38 CAD Tools Complete suite of tools: synthesis, simulation, verification, optimization, layout Designer-assisted compilation Tools are modular and customizable Main representations: CHP, PRS, Cast
39 Design Flow chpsim cosim database sequential program concurrent system PRS placed cells physical layout routed cells collection of cells sized PRS logical physical DDD PlacerRouter PL2 = ? ! add physical resize using wire information prsim/esimspice simulators synthesis Legend SDD Sizer
Robustness and Reliability
41 Robustness to Power-Supply Noise HPSICE simulation of a typical QDI asynchronous circuit: A five-stage ring of async (PCHB) pipeline stages. Technology: TSMC 0.18micron CMOS Vdd: 1.8V, Vt :.5V, Complete layout. Vdd is oscillating between 3.5V and 0V (maximal amplitude), and at various frequencies. The circuit keeps working correctly! (It will malfunction at some very high-frequency noise in phase with circuit frequency.)
42 Robustness to Power-Supply Noise
43 SE-Tolerant QDI Circuits z’ b C zaza zbzb C xaxa yaya xbxb ybyb z ’a’a intermediate final
44 The STAM architecture defines simplified 32-bit RISC instruction set, which has eight general registers, and four types of instructions: arithmetic, branch, memory and shift operations. A partially-wired layout of the STAM was completed TSMC.SCN 0.18um CMOS. In SPICE simulation, it runs about 120 MHz. The soft-error tolerance of the STAM has been tested by injecting errors randomly while the STAM runs the RC4 program (a simple stream cipher) in the digital-level simulator. About five soft errors, whose locations are chosen randomly from a list of all nodes of the STAM, are injected in each execution of an instruction. About 25% of 203,000 nets in the STAM experience a bit-flipping in each testing The figure shows locations of errors by dots and a box in the figure represents a CHP process. Soft-error Tolerant Asynchronous Microprocessor (STAM)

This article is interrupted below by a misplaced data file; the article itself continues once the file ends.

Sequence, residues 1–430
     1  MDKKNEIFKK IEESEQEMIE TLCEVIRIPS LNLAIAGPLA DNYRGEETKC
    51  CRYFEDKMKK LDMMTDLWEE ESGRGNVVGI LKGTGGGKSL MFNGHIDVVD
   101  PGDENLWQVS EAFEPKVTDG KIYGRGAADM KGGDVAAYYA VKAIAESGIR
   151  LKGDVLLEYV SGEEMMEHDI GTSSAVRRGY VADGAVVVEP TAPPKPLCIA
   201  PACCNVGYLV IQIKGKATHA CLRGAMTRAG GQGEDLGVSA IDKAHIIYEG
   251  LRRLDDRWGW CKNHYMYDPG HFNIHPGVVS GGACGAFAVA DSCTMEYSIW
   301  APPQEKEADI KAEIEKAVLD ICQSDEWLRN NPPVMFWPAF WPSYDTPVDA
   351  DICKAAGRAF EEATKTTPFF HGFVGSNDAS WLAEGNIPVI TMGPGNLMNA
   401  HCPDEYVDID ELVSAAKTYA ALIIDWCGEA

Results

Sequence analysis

46 Async Molecular Nanoelectronics Molecular nano was our motivation for XQDI: Extreme case of variability!
47 “Extreme” QDI (XQDI) Can we improve QDI to eliminate (or reduce further) the remaining variability dependencies? Isochronic forks Keepers on state-holding nodes Slew rates and oscillating rings
48 Isochronic Forks Only timing assumption in QDI design New design style that (1) minimizes the number of isochronic forks, and (2) mitigates their effect d(single transition) << d(multi- transition path) One-sided inequality can always be satisfied
49 Cell Design without Keeper Keepers needed for state-holding cells Keeper requires transistor sizing and balancing current strengths. Difficult with variability… Example of the C-element: With keeper Without keeper
50 Ring Oscillators An async system is a collection of rings of operators. Oscillating rings are the engine of an asynchronous circuit. Right choices of slew rates and number of stages guarantee that each ring oscillates. What are the limits? How many restoring stages per ring?
Theoretical Results & General Comments